You might imagine this would suck all the strategy out of the game, but it doesn’t. The fact that infections go back on top of the draw pile means card counting can make a big difference. As can doing your level best to ensure that cities don’t accumulate enough disease to cause an outbreak or, if that’s just not possible, at least make sure that adjacent spaces aren’t in a situation to kick each other off and spread like wildfire.

But then again, while player decisions do make a difference, it’s here that the game starts to fall foul of the problems that bedevil the genre. If the decks are loaded against you, you’re stuffed no matter how skillfully you co-ordinate your globetrotting mercy missions. Some people don’t mind this, but personally I find the idea that you might have lost before you’ve ever drawn a card rather off-putting.

Worse, the strategy isn’t really deep enough to avoid the dreaded alpha-dog syndrome in which the most experienced or skillful player just bosses the others around. And they agree to playing second fiddle because it’s in the groups shared interest to take the best option and thus the collective win. It’s an all too common situation in co-ops, and nothing is more guaranteed to suck all the fun and cleverly wrought tension of the game. Pandemic offers a feeble sop in the form of individual roles with their own powers, but it doesn’t really help.

Some of the more complex and varied co-operatives that came after managed to overcome these inherent problems basically by throwing in detail, variety and dice. When you’ve got a bigger number of interlinked decks, more decision points and the mechanics between them are mediated by un-stackable, random dice it gets harder both to see an unarguably “best” choice at any given point, or to believe that the starting situation is predestined for failure.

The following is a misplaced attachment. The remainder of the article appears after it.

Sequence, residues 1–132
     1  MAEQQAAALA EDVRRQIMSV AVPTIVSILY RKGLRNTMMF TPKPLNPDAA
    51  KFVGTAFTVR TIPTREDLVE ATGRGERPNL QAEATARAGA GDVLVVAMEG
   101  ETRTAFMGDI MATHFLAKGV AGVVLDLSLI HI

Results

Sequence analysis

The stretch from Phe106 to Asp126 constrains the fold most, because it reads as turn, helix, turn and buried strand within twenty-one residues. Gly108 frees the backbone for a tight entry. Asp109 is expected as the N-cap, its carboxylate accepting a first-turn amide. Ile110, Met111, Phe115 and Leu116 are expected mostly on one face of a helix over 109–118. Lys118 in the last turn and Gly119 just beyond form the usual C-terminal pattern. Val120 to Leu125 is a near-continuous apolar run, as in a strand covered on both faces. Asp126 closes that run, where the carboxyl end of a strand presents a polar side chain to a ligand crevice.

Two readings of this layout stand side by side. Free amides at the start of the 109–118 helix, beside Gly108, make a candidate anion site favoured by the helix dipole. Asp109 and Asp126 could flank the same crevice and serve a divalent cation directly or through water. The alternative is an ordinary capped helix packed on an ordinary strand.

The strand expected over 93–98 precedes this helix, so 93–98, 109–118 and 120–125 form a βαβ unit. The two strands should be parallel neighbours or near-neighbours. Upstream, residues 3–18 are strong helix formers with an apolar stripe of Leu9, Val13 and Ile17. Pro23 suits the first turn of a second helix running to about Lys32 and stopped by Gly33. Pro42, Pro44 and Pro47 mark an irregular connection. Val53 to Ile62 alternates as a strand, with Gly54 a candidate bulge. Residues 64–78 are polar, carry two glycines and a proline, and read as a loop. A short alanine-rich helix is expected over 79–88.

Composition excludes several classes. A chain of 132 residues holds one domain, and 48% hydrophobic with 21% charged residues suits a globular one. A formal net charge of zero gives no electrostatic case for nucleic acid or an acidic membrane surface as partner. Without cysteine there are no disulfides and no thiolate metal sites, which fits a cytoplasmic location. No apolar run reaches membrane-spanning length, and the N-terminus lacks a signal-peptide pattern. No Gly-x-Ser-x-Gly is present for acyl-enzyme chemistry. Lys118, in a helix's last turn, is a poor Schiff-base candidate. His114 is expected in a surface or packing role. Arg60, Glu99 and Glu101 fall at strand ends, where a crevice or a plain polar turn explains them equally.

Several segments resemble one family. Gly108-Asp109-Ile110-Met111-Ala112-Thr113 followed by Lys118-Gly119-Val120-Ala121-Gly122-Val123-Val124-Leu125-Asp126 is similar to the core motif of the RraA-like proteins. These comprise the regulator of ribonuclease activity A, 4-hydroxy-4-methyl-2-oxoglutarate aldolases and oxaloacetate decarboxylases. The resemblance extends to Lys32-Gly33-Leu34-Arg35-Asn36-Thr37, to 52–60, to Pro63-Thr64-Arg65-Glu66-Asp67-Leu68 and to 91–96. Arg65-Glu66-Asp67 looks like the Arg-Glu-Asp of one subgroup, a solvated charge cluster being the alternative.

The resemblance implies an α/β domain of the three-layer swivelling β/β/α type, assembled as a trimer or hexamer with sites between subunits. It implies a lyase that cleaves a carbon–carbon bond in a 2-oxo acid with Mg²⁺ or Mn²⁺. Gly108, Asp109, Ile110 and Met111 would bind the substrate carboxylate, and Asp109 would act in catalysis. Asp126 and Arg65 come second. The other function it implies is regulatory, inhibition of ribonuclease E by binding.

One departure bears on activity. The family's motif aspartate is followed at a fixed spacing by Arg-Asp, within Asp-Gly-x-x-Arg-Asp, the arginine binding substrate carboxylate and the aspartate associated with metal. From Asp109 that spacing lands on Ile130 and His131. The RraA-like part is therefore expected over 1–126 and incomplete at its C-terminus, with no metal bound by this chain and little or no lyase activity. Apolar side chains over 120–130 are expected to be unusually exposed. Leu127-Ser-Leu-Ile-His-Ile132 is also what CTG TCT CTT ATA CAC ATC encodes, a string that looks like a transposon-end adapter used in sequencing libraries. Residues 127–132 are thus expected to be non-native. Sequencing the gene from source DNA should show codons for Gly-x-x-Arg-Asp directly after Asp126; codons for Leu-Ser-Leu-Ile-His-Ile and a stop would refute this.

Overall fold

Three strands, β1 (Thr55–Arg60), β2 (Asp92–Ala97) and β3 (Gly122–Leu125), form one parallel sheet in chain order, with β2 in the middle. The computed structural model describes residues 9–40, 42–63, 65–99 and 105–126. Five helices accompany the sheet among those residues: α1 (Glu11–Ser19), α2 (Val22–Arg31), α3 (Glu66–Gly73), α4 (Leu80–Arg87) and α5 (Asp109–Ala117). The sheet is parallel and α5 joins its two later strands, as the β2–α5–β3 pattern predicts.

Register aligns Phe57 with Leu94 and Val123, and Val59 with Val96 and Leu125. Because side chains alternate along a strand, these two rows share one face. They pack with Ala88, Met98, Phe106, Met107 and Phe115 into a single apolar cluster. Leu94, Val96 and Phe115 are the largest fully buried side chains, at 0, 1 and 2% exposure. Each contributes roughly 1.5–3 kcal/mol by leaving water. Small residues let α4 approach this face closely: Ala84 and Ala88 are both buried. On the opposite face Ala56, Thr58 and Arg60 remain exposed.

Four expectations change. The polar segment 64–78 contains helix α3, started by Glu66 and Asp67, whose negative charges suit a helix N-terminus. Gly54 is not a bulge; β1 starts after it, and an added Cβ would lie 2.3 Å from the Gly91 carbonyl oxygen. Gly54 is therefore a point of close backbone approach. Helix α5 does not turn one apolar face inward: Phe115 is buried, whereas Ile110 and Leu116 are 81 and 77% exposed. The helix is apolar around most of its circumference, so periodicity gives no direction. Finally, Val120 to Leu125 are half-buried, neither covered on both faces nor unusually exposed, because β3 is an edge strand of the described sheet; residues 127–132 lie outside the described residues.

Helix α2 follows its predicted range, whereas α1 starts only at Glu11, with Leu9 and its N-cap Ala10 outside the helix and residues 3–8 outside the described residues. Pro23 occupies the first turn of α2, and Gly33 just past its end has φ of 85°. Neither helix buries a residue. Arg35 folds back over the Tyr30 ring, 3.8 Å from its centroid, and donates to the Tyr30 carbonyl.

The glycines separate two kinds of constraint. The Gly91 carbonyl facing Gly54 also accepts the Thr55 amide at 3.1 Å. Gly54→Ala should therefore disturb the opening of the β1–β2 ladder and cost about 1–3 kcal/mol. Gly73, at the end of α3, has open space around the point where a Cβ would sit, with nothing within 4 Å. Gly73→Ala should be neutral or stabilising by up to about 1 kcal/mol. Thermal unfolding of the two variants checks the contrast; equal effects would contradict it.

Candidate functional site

Pandemic, though, is a European style game through and through and that means it’s at pains to be as simple and quick as possible. And it is: it’s easy enough that my eight-year old could play it with me, and games play to conclusion in less than ninety minutes, sometimes much less once you’ve practiced with the administrative overhead of the game.

That is, of course, a sword that cuts both ways. While stripping back the mechanics means the game struggles to overcome the inertia inherent in the co-operative model, it does make it wonderfully accessible. And in happy coincidence, many of those people who might easily be turned off a board game due to violent themes or perceived inaccessibility are also delighted by the idea of playing a non-competitive game about saving the world by curing the sick.

And that’s Pandemic’s saving grace. It’s possibly the ultimate family game, easy to get into, difficult to beat and free from the acrimony that unfortunately creeps in to competitive gaming even in the most loving families. It’s even slightly educational, thanks to that clever chain infection mechanic and the geographically accurate board. If you’re gaming with gamers, and in it for the long haul, pick another co-operative game. For any other situation Pandemic is the original, and still the best.

Matt ThrowerFollow Matt Thrower Follow Matt Thrower Message Matt Thrower

Head Writer

Matt has been writing about tabletop games professional since 2012, blogging since 2006 and playing them since he could talk.